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  (Source: ExtremeTech)
Investor bloodbath awaits as Microsoft tries to revamp its company

If you're trying to restructure your company into a devices and services firm, it's a pretty bad sign when you announced a $900M USD (yes, million) hit due to the sales failure of one of your flagship devices.  That's the reality facing Microsoft Corp. (MSFT) who announced earnings late this afternoon following last week's announced leadership and direction shakeup.

Things appear headed in an ugly direction for Microsoft's stock, which was trading down nearly 6 percent in after-hours.

The Surface charge comes largely prior to the $150 USD price drop on the unpopular Surface RT variant, meaning more big charges could await.  If Surface is a "real business" as Microsoft CEO Steve Ballmer proclaimed ebulliently in Feb., it appears to be failing business.


Surface was the surprise write-down on Microsoft's balance sheet.

Aside from the obvious concern -- losing money -- the Surface charge also represents the overall volatile state of Microsoft's quarterly earnings due to hordes of charges.  Overall Microsoft recorded a one-time write down of $782M USD on the Office Upgrade Offer, which dropped the business division's revenue almost in half to $722 USD (leaving revenue growth virtually flat at 2 percent).  The balance sheets reminds of two other large hits -- the $540M USD Windows Upgrade Offer and $733M USD European Union antitrust fine -- which Microsoft took in the last 12 months.

Here's Microsoft's total balance sheet.
Microsoft Earnings

Note that the online unit had a $6.2B USD (yes, billion) write-down last year, so the actual losses trimming is smaller than it looks.  But overall both the entertainment (Xbox, Windows Phone) and online services (Bing) units trimmed their losses by $100M USD or more.  Microsoft cites Comscore's numbers which indicate Bing now controls 17.9 percent of the search market.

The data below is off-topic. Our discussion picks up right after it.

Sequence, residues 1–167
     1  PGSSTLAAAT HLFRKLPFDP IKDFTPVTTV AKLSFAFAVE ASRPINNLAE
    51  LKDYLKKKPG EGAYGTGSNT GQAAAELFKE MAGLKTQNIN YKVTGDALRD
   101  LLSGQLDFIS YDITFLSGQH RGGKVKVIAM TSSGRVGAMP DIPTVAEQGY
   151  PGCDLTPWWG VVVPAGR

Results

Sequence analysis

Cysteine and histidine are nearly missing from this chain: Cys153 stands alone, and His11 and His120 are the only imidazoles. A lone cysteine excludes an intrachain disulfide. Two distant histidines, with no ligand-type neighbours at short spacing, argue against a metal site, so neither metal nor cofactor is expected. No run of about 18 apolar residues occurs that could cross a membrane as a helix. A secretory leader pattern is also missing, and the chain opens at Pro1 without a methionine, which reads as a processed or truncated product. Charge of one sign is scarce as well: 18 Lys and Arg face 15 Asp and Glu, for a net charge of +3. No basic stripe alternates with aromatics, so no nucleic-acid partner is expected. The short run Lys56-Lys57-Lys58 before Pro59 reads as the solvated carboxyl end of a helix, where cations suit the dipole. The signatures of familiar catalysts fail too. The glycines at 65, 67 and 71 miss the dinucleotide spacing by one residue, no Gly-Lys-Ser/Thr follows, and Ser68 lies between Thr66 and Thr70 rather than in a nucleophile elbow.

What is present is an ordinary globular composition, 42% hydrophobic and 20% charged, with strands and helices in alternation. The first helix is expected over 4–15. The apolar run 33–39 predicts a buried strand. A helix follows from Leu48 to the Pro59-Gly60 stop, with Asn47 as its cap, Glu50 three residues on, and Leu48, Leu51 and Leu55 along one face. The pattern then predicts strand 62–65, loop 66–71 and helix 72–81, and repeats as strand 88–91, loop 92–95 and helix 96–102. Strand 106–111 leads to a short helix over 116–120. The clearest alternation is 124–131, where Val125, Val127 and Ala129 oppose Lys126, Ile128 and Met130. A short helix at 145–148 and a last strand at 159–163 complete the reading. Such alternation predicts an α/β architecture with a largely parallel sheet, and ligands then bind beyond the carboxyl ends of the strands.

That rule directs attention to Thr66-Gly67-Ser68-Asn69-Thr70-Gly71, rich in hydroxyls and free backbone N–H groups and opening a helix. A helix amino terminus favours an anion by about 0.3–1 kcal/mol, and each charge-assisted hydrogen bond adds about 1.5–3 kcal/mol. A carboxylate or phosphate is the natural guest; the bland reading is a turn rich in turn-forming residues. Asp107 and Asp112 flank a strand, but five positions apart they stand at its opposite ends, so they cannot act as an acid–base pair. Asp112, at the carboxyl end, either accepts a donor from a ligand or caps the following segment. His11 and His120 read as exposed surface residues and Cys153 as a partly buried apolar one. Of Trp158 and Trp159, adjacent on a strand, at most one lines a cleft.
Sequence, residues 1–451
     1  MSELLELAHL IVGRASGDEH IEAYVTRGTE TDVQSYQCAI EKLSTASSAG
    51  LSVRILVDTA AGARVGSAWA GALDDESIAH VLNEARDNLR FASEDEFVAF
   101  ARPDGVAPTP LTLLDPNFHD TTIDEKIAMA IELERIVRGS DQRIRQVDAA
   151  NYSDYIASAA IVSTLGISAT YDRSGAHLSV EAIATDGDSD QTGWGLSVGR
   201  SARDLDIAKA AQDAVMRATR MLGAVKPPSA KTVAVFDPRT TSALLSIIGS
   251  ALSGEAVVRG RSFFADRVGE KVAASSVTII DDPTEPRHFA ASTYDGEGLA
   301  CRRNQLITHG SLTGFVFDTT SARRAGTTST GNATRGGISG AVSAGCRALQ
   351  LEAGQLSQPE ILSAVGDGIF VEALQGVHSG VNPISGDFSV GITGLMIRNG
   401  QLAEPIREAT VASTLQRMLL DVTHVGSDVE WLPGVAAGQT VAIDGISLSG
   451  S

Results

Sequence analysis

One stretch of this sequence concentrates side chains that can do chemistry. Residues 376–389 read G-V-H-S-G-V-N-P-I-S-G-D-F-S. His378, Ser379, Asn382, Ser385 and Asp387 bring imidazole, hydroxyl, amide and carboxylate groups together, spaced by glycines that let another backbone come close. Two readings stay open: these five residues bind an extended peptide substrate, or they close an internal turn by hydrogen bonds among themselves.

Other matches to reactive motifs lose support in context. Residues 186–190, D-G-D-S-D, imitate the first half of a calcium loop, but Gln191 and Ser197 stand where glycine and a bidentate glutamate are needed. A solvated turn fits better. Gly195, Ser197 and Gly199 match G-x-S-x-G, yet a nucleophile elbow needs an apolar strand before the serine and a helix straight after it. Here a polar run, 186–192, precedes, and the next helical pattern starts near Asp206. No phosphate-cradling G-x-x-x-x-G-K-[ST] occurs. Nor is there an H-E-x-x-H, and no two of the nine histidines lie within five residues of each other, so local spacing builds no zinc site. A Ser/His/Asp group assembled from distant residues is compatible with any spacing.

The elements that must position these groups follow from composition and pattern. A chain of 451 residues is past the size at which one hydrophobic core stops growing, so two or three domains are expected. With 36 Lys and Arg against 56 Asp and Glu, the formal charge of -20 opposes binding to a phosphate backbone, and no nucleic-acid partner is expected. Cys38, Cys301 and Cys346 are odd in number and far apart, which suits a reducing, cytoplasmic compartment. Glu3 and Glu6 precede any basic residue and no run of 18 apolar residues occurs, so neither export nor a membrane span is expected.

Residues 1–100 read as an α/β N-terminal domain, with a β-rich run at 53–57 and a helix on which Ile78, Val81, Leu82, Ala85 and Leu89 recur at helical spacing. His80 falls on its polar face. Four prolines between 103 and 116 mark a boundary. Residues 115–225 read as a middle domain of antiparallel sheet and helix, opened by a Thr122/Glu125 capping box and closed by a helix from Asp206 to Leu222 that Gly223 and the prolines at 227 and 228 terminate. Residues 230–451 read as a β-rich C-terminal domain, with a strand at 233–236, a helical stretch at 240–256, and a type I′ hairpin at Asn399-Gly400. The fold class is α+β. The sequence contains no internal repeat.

But the clear loser was the Windows unit, whose revenue fell from $2.422B USD to $1.099B USD as PC sales slumped.

Overall analysts had hoped for earnings of around 75 cents per share ($6.33B USD) on a revenue of $20.73B USD (including the Office writedown, but not the Surface one).  Instead they got earnings of around 66 cents per share ($5.56B USD) once you removed the 7 cents per share (unexpected) Surface writedown. In other words, even excluding the unexpected Surface financial hit, Microsoft's profit fell nearly a billion dollars short of expectations due to weak Windows sales.

Steve Ballmer w Windows 8
Surprise! Windows 8 isn't selling well. [Image Source: AFP]

Microsoft has a huge cash pile -- $77B USD, so it can afford to drop a billion here or there.  And the company did announced that Office 365 (subscription) revenue was up to $1.5B USD, which should help to make the balance sheet flatter and more predictable.

But with Windows device sales in disarray, the Xbox One receiving an icy reception from gamers, and no clear breakthrough for Windows Phone/Surface, Microsoft has a lot of questions to answers in the year to come.  The answers will largel hinge on the current half as Microsoft's units reorganize and as Windows/Windows Phone 8.1 product launches.  Succeed and Microsoft may see a break in investor tension -- fall short and it will likely be hammered once more.

Source: Microsoft



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Microsoft's reset
By Tony Swash on 7/18/2013 7:00:12 PM , Rating: 0
Microsoft's transformation from a divisional to a functional organisation structure was a response to the sort of problematic performance that was clearly coming down the pipeline. Will it work or will it make matters worse?

This is an interesting perspective in part 2 of Ben Thompson's analysis of the changes at MS on his Stratechery site, worth a read:

http://stratechery.com/2013/the-uncanny-valley-of-...




RE: Microsoft's reset
By greenchinesepuck on 7/18/2013 8:02:45 PM , Rating: 4
You guys should carefully consider what Swash is dumping on you here, this anti-MS article has some interesting anti-Apple points as well, such as "visionary leader is a must for the functional company like Apple but now Jobs is gone so..." and also this: